Henry Gilbey
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Henry Gilbey blog

Do you ever twitch lures like DoLive Sticks and senkos etc. along the bottom for bass? I don’t, but I think I need to start doing so

This isn’t a blog post about specific soft plastics, but I can only really talk about the lures I use myself when I think about techniques etc., and you may not even fish with lures like these, or you might but you have a bunch of different types of soft plastic “sticks” or “twitchbaits” or whatever. It doesn’t matter what you actually use, because I am interested here in how we are fishing them for bass…………….

Okay, so as a generalisation I will usually carry some DoLive Sticks rigged weedless and weightless - occasionally one or two will be rigged on weedless hooks with a small belly weight - and I would tend to fish them along the lines of the video above, or allow them to wash around in fizzy white water on a controlled slack line etc. You can of course fish senkos a bit like this, but for whatever reason I tend to turn to (white) senkos more at night these days when I fish them with a simple straight retrieve, as per the video below - and yes, at the speed I am winding them in they are either “waking” across the top or are at best swimming just below the surface. I know lots of far more experienced than me bass anglers believe in uber-slow retrieves at night, but there has to be a case for bass being able to home in on lures just as easily at night as they can during the day.

I can of course swim various paddletails like I would a shallow-diving hard lure - something like the killer MegaBass Spindleworm rigged on a weedless hook with a belly weight, and so on. Regardless of what you might use here, what I am on about is that the way I tend to fish these types of soft plastics means they are swimming nice and shallow in the upper parts of the water column.

And for whatever reason I don’t take something like a DoLive Stick and deliberately work it along the bottom - but I keep hearing from anglers who do fish lures like these in this way, and many of them swear by its effectiveness. If I am on a reef in bouncy conditions say on the north coast of Cornwall then I will increasingly turn to something like the Fiiish Black Minnow with the hookpoint buried away - and as per my article in the new Sea Angler this month, working soft plastics like this deliberately along the bottom can be frigging deadly.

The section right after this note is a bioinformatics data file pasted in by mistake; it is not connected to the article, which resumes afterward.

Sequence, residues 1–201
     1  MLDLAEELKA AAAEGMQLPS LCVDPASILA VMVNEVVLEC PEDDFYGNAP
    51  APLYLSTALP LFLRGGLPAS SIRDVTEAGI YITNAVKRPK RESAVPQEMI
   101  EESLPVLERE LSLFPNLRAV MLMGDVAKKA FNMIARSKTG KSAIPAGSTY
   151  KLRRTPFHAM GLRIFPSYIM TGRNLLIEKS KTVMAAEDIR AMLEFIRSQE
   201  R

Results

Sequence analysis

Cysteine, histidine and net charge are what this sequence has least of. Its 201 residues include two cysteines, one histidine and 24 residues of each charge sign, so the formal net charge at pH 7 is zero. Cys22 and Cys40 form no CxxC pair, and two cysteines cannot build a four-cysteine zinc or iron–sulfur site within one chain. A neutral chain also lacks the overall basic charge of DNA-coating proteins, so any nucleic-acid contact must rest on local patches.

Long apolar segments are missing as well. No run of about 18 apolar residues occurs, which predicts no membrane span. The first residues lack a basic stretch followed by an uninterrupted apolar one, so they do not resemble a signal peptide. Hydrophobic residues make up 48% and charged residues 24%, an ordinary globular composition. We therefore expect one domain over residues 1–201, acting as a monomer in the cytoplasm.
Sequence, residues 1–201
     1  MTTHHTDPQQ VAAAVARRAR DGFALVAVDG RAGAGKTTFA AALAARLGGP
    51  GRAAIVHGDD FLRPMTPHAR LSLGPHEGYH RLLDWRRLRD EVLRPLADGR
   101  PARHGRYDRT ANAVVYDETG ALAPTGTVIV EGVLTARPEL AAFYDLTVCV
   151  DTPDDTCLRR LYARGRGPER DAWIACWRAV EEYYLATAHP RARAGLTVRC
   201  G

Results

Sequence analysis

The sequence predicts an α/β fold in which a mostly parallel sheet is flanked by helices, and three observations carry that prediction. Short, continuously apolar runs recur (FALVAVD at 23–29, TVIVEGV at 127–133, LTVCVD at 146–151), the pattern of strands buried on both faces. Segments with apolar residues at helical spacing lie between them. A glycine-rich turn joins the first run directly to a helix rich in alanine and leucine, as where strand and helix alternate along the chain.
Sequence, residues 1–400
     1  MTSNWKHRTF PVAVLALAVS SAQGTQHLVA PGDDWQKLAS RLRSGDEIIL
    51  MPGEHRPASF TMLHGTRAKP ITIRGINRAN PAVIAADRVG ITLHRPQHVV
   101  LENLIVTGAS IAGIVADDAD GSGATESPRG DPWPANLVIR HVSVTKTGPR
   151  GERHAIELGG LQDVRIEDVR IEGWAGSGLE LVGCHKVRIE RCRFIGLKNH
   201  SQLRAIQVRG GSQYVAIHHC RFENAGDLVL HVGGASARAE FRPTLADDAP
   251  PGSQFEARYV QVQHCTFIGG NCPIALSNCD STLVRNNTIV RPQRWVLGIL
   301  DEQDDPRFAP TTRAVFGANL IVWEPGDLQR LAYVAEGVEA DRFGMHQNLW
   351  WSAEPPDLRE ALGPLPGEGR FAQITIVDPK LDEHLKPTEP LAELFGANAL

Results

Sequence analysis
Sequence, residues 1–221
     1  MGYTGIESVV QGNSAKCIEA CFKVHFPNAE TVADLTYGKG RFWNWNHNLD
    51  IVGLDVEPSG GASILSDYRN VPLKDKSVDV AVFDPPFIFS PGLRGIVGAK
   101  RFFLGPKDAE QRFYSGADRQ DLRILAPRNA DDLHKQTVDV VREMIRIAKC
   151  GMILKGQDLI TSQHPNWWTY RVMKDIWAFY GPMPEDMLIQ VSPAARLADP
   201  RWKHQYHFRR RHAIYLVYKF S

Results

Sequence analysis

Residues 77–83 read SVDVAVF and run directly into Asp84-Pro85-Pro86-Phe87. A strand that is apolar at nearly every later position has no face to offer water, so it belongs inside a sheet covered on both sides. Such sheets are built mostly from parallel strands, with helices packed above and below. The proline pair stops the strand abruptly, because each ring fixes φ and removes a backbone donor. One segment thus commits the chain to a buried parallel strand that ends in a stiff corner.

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In the situations where I would “swim” a DoLive Stick, would it be worth sometimes twitching it along the bottom instead? I remember over in Ireland a couple of years ago when a very good bass angler I know was doing really well at night by fishing his DoLive Stick deliberately along or very near to the bottom. Now I had bass by doing my usual thing with a white senko, but the different way in which he was doing things lodged in my brain.

Somebody said to me on Facebook the other day to think more about how sandeels behave - in and out of the sand on a beach for example. And then I start thinking about what is some of my favourite bass fishing - wandering a beach and looking for holes and gullies and rips and putting soft plastics often rigged weedless and weightless into those features. Conditions need to be spot on, but I absolutely love catching bass like this - the next time I am out doing this though, I am going to try allowing the lure to hit the bottom and then twitch it back to me nice and slowly and deliberately. I am going to think more like a sandeel! Joking aside though, do we spend too much time trying to think like the fish we chase instead of learning more about the food they are hunting for? That is a whole different subject about which my brain regularly fries. You all have a good weekend, and what an epic start to the cricket World Cup yesterday when Ben Stokes took one of the best catches I have ever seen. Could England really do it?

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